A willingness to learn. That’s all Alan Dai says people need to delve into the world of technology and computers, no matter what their age. It’s a mindset that he keeps at the forefront whenever he is teaching students about computer programming, something he started this past summer at the Town of Colonie Library.
Dai offered a free coding camp for elementary students, and recruited some of his fellow computer science peers from Shaker High School to help. Dai incorporated “Scratch” into his lessons, a free programming language and online community where users can create their own interactive stories, games, and animations. He then built an entire curriculum for the summer course, as well as a website that students could reference when they went home.
“By the end, I was teaching them things that you might not learn until a couple of years into your college degree, but I didn’t see why they shouldn’t be exposed to some of the concepts now.”
Dai says the key for him was taking his own knowledge of computer programming and transferring it to younger learners’ levels of understanding.
“You’re trying to think about how they would imagine it, or how they would reason about a certain problem,” he said.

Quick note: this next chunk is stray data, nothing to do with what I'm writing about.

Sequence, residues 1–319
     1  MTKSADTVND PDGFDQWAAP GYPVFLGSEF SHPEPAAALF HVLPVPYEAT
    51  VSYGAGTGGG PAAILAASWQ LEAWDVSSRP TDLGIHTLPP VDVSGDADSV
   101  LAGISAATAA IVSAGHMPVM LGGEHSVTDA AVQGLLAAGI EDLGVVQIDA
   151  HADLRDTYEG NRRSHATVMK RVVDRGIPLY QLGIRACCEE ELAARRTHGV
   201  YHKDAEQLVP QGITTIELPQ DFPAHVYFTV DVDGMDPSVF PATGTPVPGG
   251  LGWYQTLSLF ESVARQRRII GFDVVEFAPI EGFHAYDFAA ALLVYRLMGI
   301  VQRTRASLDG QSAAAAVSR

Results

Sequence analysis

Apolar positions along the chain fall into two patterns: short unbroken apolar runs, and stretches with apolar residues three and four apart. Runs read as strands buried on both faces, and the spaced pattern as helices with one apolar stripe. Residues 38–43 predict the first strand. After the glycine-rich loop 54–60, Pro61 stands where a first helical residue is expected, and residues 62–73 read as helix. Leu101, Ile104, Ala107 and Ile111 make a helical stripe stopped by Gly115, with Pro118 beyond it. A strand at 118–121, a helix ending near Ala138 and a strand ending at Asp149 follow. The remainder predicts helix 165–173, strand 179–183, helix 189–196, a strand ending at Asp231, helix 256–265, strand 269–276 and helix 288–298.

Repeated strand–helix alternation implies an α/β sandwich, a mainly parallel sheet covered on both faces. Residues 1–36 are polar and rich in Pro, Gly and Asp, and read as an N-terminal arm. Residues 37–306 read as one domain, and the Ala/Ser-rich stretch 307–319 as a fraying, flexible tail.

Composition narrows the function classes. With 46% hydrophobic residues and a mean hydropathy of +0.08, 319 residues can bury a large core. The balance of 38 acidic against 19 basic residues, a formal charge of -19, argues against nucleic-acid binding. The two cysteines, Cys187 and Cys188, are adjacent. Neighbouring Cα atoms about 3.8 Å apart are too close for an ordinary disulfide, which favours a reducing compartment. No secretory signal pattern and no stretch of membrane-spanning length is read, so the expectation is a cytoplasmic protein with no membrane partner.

While the coding camp was a summer volunteer activity, Dai didn’t take a break once school began again in the fall. He currently offers half hour sessions each week at the town library for senior citizens, to assist them with any computer or technology needs they may have.
Dai says he hopes to hold another coding camp during this upcoming summer, and spawn some interest from freshmen and sophomores at Shaker High School to help him. His hope is that the camps continue to run even after he graduates. He says ultimately, getting more elementary students interested in computer science is key to their future.
“It’s like legos, but even better,” said Dai. “Kids can find an outlet for their creative expression. Once you move beyond the basics, you can do almost anything, whether it’s making an app, a game, or a website. If they get early exposure, these kids can do just about anything.”